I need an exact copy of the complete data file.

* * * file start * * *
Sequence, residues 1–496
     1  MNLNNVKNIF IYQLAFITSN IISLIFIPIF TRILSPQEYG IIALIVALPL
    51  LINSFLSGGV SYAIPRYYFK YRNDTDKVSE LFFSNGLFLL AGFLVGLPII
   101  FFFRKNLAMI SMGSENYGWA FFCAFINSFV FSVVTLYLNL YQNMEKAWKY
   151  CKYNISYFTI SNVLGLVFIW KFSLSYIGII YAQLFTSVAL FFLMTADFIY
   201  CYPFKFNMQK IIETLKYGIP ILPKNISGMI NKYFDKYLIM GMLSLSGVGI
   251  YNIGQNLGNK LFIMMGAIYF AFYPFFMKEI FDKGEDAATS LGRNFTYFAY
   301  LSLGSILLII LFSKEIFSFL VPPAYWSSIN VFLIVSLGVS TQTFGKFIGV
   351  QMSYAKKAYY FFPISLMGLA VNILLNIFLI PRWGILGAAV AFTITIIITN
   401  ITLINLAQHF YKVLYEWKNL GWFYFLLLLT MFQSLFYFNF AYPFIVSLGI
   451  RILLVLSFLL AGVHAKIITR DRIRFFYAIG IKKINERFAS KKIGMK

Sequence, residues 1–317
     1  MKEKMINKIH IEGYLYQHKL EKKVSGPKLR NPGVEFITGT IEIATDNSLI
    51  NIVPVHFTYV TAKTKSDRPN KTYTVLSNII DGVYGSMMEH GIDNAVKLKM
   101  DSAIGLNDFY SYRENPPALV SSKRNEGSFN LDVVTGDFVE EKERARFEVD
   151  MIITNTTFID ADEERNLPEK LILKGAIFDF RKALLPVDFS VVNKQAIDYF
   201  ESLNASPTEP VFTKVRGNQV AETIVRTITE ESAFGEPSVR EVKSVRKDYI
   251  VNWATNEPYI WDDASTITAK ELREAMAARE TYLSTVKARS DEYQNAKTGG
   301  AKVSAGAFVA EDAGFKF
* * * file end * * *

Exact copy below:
Sequence, residues 1–496
     1  MNLNNVKNIF IYQLAFITSN IISLIFIPIF TRILSPQEYG IIALIVALPL
    51  LINSFLSGGV SYAIPRYYFK YRNDTDKVSE LFFSNGLFLL AGFLVGLPII
   101  FFFRKNLAMI SMGSENYGWA FFCAFINSFV FSVVTLYLNL YQNMEKAWKY
   151  CKYNISYFTI SNVLGLVFIW KFSLSYIGII YAQLFTSVAL FFLMTADFIY
   201  CYPFKFNMQK IIETLKYGIP ILPKNISGMI NKYFDKYLIM GMLSLSGVGI
   251  YNIGQNLGNK LFIMMGAIYF AFYPFFMKEI FDKGEDAATS LGRNFTYFAY
   301  LSLGSILLII LFSKEIFSFL VPPAYWSSIN VFLIVSLGVS TQTFGKFIGV
   351  QMSYAKKAYY FFPISLMGLA VNILLNIFLI PRWGILGAAV AFTITIIITN
   401  ITLINLAQHF YKVLYEWKNL GWFYFLLLLT MFQSLFYFNF AYPFIVSLGI
   451  RILLVLSFLL AGVHAKIITR DRIRFFYAIG IKKINERFAS KKIGMK

Sequence, residues 1–317
     1  MKEKMINKIH IEGYLYQHKL EKKVSGPKLR NPGVEFITGT IEIATDNSLI
    51  NIVPVHFTYV TAKTKSDRPN KTYTVLSNII DGVYGSMMEH GIDNAVKLKM
   101  DSAIGLNDFY SYRENPPALV SSKRNEGSFN LDVVTGDFVE EKERARFEVD
   151  MIITNTTFID ADEERNLPEK LILKGAIFDF RKALLPVDFS VVNKQAIDYF
   201  ESLNASPTEP VFTKVRGNQV AETIVRTITE ESAFGEPSVR EVKSVRKDYI
   251  VNWATNEPYI WDDASTITAK ELREAMAARE TYLSTVKARS DEYQNAKTGG
   301  AKVSAGAFVA EDAGFKF